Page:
I find it no wonder that so many people end up with “ascension symptoms.” Seen from a rational perspective of cause and effect, these symptoms likely arise from the living split between our minds (which tell us to be “love n light”) and our contradictory lifestyles (which ask us to be aggressive, striving, competitive, and to not truly care about anything beyond our personal outcomes). Many of the idealistic concepts that we espouse, don’t even add up with how we live our lives. For, how can we truly end up manifesting peace, love, and oneness while being taught to be self-entitled, self-oriented, and to climb various hierarchical ladders to “success”?

Looking at how innately aggressive the world is, and how we keep marching and banging our drums like little energizer bunnies trying to get ahead, to me, it makes sense that new-agers feel sped up–ADHD; anxious, repressed emotions surfacing; sleep-disturbed; and intolerant to food, chemicals and geopathic stress (aka “dirty energy”). We seem to lack the wisdom of our masters which was by-passed and which could have advised us on how to bridge the various splits we created in our minds and lives. In fact, it seems many of our present-day gurus can only instruct us on how not to deal with negative realities and emotions as they come up, which come to be treated with distaste and dissociation.

We end up being taught conflicting messages regarding how to find our “off switch.”  On the one hand, we are taught to practice meditation and to be “in the now;” finding our divine self-worth internally. On the other hand, we are taught that we can have it all, be special, be a “star seed, blue ray, etc.,” or can “succeed” or “manifest;” finding approval and self-worth externally.

On top of this, we are taught to withhold judgment. Taken out of context, we come to lose the discriminating ability to identify and address disharmonies or untruths within the world; except those truths we deem “positive.” We forget that if we want to manifest things that are “good,” there must exist an opposite polarity where things become “judged” as “not so good.” We also have to be careful not to forget that judgment also implies “karma,” which can incur from collectively self-destructive behavior that is continually enabled. Though, there are more and more people waking up to this now.

The main fear seems to be one of being unloving. Though, enabling one another’s bad behavior or addictions is not something I would consider loving. The main addiction of this age appears to be one of consumerism and self-indulgence. And, lacking a standard of ethics to follow, we can end up inadvertently and unconsciously acting impulsively, with no restraints and little care for how our addictions affect the younger generations, the environment, etc.

Through the Law of Attraction, we are taught accountability, but primarily when it comes to our personal lives and not the bigger picture. When it comes to the bigger picture we are taught a completely different approach: “Don’t think about it or it will manifest.”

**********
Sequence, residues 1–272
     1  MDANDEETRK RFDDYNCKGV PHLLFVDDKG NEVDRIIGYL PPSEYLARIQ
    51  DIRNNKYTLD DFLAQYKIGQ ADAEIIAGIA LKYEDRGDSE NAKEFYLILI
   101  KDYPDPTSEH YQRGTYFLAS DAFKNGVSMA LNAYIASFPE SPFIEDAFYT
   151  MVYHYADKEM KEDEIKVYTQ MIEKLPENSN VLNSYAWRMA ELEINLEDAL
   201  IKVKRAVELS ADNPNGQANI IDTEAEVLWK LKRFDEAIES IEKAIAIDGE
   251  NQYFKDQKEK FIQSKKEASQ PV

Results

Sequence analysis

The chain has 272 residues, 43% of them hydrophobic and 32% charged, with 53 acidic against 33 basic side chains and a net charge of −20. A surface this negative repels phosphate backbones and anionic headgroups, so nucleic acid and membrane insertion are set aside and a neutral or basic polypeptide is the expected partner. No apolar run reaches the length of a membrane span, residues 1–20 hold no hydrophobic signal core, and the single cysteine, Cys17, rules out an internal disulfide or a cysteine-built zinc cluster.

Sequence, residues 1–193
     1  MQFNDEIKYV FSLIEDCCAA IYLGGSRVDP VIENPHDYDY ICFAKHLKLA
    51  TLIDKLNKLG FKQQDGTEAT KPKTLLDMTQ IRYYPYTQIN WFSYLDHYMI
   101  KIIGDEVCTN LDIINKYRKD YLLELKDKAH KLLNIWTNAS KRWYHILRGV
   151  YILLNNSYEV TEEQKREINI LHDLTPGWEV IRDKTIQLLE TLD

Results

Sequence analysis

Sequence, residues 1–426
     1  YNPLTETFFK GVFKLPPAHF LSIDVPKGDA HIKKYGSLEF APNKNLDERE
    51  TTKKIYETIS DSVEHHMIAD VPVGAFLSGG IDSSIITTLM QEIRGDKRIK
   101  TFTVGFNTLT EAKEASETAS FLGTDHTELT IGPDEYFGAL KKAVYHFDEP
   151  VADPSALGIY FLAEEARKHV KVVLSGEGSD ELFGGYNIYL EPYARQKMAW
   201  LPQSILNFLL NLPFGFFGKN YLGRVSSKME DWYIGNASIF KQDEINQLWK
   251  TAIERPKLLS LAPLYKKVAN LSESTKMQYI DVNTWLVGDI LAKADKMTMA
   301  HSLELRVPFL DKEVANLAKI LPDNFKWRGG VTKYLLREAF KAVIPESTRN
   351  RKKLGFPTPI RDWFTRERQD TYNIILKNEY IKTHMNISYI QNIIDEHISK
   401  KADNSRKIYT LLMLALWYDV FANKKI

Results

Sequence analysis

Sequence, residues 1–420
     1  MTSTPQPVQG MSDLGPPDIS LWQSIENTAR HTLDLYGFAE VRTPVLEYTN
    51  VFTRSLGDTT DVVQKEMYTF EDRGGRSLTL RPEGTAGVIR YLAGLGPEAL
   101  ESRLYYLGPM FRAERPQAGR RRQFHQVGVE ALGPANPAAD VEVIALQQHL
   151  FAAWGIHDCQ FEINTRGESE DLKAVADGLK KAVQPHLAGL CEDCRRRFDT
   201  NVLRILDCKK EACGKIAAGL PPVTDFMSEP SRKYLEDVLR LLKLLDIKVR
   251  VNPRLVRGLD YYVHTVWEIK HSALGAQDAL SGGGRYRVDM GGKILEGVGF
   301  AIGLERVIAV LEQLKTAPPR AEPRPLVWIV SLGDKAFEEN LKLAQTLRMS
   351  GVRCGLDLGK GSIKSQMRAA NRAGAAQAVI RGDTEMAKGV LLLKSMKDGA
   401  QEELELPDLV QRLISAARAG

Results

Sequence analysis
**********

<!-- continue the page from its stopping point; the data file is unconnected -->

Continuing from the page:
The biggest truths we miss through the misquoting of our masters are their own realizations that the path to ascension comes through what we release rather than gain. However, we all fear loss and in trying to avoid it, we spin out in the opposite direction of trying to manifest gain (at a cost of loss of resources and vitality of our bodies and environment).

If we can come to understand the true wisdom of Buddha and other masters we will realize that if we wish to deny all negatives based on their being “illusion,” this must be matched with denying all positives too, based on the same argument. For, the pursuit of only pleasure brings as much harm, egotism, greed, self-entitlement, addiction, compulsion, destruction and suffering (as evident within Nature) as does the pursuit of negatives.

While the answer is not likely not to be found in any kind of extreme, the dis-informed new-age appears to be split between two ends of the spectrum: an “all spirit” focus on one end (with ideals of love and light) and a hedonistic “all material” focus on the other (with ideals of manifesting “unlimited” abundance, fame, etc.). There is one path we have yet to collectively try yet: the middle path that Buddha was known to speak of. The middle path leads us to a simple path; one not found in remaining dis-informed, but in becoming enlightened.

About the Author

Mandy Peterson is a psychic visionary, empath, channel and EFT Practitioner. She is the author of the book I Am the Lotus, Not the Muddy Pond: Peace Through Non-conformity and the EFT Divination & Chakra Deck. As an empathic healer and reader, Mandy works onr-to-one  with clients, helping them to achieve clarity, peace, and balance. For more information, see Mandy’s website at www.mysticmandy.com.